By BERNARD ORSMAN



The French masterpiece Still on Top by James Tissot is back on public show at the Auckland Art Gallery, having being restored following the daring shotgun raid that saw it stolen three years ago.



The 1874 oil painting was valued at $8 million before being badly torn when Anthony Sannd jemmied it from its frame, rolled it up and fled on a motorcycle on a quiet Sunday morning in August 1998.



He later demanded a $500,000 ransom for the return of the Tissot, which police found eight days after the robbery hidden under a bed at the home he rented in Waikaretu, south of Port Waikato.

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He was sentenced to nearly 17 years' jail for that robbery and others involving a security van and a bank.



A sophisticated restoration project involving meticulous physical repair and retouching by the gallery's principal conservator, Sarah Hillary, has followed the robbery.



This, and a glistening new gilt frame made of red cedar and 23-carat gold leaf, has brought the painting back to life.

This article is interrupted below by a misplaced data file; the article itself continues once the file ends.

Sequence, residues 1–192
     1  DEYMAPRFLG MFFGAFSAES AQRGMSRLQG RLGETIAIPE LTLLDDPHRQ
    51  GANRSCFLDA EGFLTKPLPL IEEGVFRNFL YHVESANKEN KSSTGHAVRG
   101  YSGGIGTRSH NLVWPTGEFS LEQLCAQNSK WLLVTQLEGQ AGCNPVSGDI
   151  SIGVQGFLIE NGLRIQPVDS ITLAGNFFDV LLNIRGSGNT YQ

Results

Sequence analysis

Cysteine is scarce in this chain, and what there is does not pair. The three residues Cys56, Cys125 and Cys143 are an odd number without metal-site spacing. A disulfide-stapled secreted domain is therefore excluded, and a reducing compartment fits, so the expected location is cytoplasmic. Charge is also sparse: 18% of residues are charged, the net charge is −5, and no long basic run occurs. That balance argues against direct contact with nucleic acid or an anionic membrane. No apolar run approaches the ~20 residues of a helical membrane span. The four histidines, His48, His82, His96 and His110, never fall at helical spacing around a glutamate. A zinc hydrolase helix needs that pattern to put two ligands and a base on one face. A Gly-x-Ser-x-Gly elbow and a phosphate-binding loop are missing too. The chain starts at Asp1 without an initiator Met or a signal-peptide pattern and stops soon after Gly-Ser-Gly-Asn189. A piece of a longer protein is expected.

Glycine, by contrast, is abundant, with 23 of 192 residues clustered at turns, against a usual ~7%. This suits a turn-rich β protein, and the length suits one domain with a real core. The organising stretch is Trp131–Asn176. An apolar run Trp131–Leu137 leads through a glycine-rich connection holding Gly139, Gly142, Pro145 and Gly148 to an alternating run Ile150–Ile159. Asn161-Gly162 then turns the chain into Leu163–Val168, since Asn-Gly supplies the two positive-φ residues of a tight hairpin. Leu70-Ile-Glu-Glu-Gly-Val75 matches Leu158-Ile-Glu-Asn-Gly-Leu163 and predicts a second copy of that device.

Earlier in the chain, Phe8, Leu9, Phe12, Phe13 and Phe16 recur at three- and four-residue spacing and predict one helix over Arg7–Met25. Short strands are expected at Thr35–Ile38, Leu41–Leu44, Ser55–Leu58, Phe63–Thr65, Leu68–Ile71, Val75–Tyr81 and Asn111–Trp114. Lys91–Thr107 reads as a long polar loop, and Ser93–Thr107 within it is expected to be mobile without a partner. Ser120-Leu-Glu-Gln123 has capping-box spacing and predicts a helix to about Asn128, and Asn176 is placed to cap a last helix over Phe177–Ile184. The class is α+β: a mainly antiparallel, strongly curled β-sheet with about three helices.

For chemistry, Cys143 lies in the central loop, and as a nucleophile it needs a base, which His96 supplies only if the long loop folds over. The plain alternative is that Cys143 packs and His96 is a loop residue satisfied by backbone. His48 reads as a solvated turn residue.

The two-year restoration project cost $140,000 and the research and analysis associated with it has revealed an intimate knowledge of the techniques and materials used by the original artist.



Experts from the major international auction house of Sotheby's and a leading Tissot scholar from the United States, Michael Wentworth, have estimated damage to the painting had resulted in a $4 million loss in its value.



The 88cm by 54cm painting is a famous work by Tissot.



It shows two women helped by an elderly man in the artist's garden in London.



Tissot spent 11 years in England as a political exile.

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The restored work will be on show until October 14.



The exhibition includes photographs of the restoration process, including one of the painting under ultraviolet light which shows where the work has been repaired.



Other works by Tissot are also on display.